Supporting Preschoolers’ Motor Development During Remote Learning: Teachers’ Challenges and Strategies

Team: Michaelene Ostrosky (SPED), PI; Catherine Cheung (SPED), Graduate Student

Priorities: Improving Teaching and/or Learning in New Online Formats

Motor play is more than just having fun and being physically fit; it provides opportunities for preschoolers to develop early reading and math skills, along with communication and social skills which are all related to later academic performance. However, with the shift from in-person to virtual learning during the pandemic, there were no guidelines to ensure that gross motor content was addressed while simultaneously meeting the educational needs of preschoolers during virtual learning. The purpose of this study was to explore teachers’ perceptions of facilitators and challenges they faced while implementing motor play during virtual schooling. We also were interested in strategies they used to address challenges they encountered. Zoom interviews were conducted with 26 preschool teachers. Results revealed that the majority of teachers (94%) embedded motor play in virtual learning and believed that it was beneficial to preschoolers. Not surprisingly, all participants experienced challenges implementing motor play remotely. These challenges were (1) difficulty getting students engaged, (2) difficulty regaining students’ attention afterward, (3) interactions with parents, and (4) logistical issues. The findings provide insights into supporting children’s motor development, ideas for curriculum development, and suggestions for professional development offerings to support teachers. Research is needed that focuses on structured motor play ideas that are feasible to embed in a virtual context with young children.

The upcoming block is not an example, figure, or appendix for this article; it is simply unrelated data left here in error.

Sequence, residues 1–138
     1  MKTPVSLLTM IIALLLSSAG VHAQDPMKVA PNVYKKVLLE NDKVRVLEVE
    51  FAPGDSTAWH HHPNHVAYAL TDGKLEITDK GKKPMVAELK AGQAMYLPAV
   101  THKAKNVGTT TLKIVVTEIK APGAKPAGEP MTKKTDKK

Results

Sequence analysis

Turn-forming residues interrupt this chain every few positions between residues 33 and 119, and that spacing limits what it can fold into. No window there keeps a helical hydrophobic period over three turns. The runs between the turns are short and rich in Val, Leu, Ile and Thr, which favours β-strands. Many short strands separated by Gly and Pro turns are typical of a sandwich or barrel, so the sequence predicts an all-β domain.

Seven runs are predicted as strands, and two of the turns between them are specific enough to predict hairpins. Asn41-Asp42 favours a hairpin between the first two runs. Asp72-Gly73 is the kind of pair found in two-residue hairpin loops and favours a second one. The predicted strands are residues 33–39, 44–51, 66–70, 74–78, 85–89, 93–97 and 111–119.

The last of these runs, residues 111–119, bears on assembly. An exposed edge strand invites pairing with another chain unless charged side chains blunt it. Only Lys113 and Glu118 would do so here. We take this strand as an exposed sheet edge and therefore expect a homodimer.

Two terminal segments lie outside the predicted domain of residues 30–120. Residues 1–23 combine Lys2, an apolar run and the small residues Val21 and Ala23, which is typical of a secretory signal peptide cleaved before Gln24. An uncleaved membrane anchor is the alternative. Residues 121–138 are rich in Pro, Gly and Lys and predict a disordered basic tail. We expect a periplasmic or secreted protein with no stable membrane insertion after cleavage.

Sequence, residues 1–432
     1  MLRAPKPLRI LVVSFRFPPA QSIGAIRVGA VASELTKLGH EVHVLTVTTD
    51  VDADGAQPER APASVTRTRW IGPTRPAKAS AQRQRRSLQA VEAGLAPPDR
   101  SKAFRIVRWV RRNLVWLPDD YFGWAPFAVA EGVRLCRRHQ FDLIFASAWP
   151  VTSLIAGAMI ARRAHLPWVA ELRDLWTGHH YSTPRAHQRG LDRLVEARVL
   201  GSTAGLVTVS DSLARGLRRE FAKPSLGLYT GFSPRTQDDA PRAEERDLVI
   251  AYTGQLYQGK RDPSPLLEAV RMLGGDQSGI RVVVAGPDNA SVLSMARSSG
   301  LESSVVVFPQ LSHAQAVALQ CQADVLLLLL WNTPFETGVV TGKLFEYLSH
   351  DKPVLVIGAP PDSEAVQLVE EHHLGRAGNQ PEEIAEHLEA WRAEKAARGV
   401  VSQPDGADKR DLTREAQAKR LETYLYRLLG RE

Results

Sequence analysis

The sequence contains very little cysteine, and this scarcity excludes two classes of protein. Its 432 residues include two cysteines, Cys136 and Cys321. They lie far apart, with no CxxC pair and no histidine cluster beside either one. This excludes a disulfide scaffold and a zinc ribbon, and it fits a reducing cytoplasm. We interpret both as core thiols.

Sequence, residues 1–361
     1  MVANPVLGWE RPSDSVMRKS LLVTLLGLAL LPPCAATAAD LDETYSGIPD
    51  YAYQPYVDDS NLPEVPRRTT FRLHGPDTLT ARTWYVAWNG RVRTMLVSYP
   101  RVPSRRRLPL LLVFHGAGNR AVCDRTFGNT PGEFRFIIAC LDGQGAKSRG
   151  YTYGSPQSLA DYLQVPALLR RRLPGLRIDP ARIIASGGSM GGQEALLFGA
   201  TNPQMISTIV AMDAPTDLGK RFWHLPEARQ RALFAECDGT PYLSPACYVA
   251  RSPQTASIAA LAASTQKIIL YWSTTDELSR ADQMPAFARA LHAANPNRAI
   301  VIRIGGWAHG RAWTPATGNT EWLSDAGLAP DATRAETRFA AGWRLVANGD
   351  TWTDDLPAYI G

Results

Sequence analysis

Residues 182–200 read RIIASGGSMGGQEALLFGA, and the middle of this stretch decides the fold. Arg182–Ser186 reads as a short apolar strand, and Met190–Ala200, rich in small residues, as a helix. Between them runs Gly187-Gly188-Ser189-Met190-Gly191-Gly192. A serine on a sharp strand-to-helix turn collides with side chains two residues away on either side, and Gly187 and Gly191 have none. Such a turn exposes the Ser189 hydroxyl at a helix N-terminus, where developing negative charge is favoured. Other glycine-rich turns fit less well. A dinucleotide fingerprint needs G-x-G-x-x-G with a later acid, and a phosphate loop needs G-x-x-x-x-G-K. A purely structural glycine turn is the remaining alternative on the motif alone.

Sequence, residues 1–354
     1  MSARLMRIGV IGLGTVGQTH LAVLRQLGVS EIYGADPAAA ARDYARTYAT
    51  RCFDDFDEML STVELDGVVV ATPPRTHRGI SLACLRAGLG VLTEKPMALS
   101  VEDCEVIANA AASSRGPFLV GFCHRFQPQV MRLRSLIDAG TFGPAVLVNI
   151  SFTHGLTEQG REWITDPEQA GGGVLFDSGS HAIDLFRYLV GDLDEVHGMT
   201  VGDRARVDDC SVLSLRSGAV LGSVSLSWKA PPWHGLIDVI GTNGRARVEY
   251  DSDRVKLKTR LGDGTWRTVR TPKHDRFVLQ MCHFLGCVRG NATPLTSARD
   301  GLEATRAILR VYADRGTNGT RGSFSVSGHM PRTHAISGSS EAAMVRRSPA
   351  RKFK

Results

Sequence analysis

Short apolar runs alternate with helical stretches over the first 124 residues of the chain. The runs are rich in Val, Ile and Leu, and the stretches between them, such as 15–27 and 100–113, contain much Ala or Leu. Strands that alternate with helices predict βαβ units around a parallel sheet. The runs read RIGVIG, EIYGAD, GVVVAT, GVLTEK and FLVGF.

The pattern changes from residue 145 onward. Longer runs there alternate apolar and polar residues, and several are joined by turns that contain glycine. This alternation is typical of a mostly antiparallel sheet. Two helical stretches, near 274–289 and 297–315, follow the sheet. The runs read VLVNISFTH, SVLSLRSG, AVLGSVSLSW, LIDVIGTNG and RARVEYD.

Educating Undergraduates About Racial Microaggressions, Using a Serious Educational Game

Team: Jennifer Cromley (EPSY), PI; Andrea Kunze (EPSY), Graduate Student; Esther Whang (EPSY), Undergraduate

Priorities: Educational Inequality